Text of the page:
Three brilliant young inventors have won the National TeenTech awards with a life saving invention which could make them a fortune.
The Loreto Grammar School Year Nine pupils beat teams from 450 different schools with the prototype for a blood glucose monitoring device aimed at improving the life chances of diabetics worldwide.
Sarah Griffin, 14, from Altrincham; JessicaTaylor 14, from Altrincham and Sophie Kelly, 14, from Sale, have wowed Britain's science community, receiving their prizes from Prince Andrew at a special ceremony at Buckingham Palace.
The girls impressed judges including Professor Brian Cox, top theoretical physicist Jim Al-Khalili and BBC science correspondent Rory Cellan-Jones to win in three categories for 'International Collaboration', “Healthcare' and the top overall award.
The key to their success said Loreto Grammar School Mathematics teacher Elaine Manton 'was a forensic examination of the project from every angle covering market research, product design and development and the potential for marketing’.
Organised by TeenTech as part of a national drive to promote the STEM subjects, Science, Engineering, Mathematics and Technology, the competition asks gifted pupils to conceive, design, develop and market an original product ready for the market place.
“The first step,” said Sarah, who has ambitions to become a facial plastic surgeon, 'was to identify a gap in the market place. There are blood glucose monitoring devices, but they are too bulky.”
Jessica, who wants to study psychoanalysis and forensic science, added: “We then had to discuss our ideas with some of Britain top engineers and were grateful to be able to liaise with the research and development team at Airbus industries.”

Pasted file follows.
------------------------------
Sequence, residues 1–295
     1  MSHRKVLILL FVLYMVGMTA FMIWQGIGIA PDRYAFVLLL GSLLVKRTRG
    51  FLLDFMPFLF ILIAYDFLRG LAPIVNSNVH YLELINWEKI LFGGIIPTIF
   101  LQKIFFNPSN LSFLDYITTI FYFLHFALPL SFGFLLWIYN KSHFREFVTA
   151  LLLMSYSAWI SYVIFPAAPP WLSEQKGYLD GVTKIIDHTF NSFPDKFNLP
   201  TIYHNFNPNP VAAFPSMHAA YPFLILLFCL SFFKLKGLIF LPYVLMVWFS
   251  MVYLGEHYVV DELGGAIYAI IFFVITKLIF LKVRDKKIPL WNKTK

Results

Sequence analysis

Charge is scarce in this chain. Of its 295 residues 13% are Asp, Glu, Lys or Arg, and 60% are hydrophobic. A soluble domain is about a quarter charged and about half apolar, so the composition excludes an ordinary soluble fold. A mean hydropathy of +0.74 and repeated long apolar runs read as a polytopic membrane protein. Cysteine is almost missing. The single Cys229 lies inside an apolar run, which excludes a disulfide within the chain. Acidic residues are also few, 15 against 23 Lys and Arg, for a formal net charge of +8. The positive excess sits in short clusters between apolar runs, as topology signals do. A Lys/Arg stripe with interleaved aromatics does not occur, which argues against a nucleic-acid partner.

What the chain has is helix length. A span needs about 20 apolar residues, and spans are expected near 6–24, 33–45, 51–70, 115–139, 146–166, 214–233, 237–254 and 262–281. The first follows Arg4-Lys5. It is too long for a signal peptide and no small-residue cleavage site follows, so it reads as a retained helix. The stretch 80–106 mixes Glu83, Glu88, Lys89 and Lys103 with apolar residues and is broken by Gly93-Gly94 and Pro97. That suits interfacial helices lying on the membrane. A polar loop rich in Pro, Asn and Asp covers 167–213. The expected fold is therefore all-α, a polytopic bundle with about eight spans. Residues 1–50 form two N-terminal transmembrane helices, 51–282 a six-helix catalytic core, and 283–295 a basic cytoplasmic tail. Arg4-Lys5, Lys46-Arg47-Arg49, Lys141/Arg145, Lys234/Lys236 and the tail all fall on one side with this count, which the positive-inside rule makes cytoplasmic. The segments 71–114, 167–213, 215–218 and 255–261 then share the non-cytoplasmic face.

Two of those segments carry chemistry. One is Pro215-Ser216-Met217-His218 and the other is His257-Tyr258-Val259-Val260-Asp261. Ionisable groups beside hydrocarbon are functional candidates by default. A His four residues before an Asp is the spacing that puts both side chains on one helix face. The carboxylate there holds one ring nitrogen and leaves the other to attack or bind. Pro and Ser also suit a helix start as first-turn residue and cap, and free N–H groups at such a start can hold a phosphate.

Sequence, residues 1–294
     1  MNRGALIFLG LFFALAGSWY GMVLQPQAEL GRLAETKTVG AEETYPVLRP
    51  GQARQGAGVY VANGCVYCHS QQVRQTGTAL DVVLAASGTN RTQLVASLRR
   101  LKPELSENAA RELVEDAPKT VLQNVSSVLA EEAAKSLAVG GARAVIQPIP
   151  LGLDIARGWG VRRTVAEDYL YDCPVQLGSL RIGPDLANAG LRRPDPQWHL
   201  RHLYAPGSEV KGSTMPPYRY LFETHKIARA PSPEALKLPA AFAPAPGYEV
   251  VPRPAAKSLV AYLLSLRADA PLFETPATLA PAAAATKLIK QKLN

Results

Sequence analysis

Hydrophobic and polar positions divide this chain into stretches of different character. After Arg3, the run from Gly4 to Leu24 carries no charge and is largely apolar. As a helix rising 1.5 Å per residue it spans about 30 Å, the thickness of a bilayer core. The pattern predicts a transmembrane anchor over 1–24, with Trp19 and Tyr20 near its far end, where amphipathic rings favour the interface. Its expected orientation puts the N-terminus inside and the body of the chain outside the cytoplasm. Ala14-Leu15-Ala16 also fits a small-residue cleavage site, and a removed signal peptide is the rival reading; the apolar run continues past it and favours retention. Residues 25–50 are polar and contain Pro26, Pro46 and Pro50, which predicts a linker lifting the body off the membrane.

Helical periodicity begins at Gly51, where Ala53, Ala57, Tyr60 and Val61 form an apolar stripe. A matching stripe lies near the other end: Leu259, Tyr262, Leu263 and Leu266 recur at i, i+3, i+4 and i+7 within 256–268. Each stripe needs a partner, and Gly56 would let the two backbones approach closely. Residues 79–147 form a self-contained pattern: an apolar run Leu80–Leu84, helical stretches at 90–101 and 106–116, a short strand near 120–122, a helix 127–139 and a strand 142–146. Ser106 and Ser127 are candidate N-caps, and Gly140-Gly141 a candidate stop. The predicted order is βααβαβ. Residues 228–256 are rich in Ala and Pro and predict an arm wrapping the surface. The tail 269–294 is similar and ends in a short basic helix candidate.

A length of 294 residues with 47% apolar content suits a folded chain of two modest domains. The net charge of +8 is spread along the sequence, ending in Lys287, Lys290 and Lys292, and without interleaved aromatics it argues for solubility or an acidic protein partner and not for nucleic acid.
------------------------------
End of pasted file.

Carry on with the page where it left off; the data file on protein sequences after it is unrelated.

Sophie, who is interested in studying both sociology and philosophy, added: “It was essential to talk to those who might use the device and to get some detailed feedback from the medical profession.”
The girls worked on the project for four months, spending all their available lunchtimes, putting together their entry, being given special dispensation to work on the project in mathematics lessons and then furiously emailing each other in the evenings as they perfected their submission.
Elaine Manton said: “I have beena teacher for20 years and have never seen such innovative and detailed work. Their submission blew the judges out of the water, winning the plaudits of many of Britain's top scientists and broadcasters.”
The trio are to appear on Breakfast TV and are being interviewed by the national media. The girls win digital photo frames and £1,000 for the school, but said: “We are not interested in the rewards, we are genuinely interested in the project and getting the product to the market place.”
Elaine Manton added: “Britain needs the next generation of young inventors to stand up and make their mark in the world and we are all incredibly proud of Sophie, Sarah and Jessicafor their wonderful work.”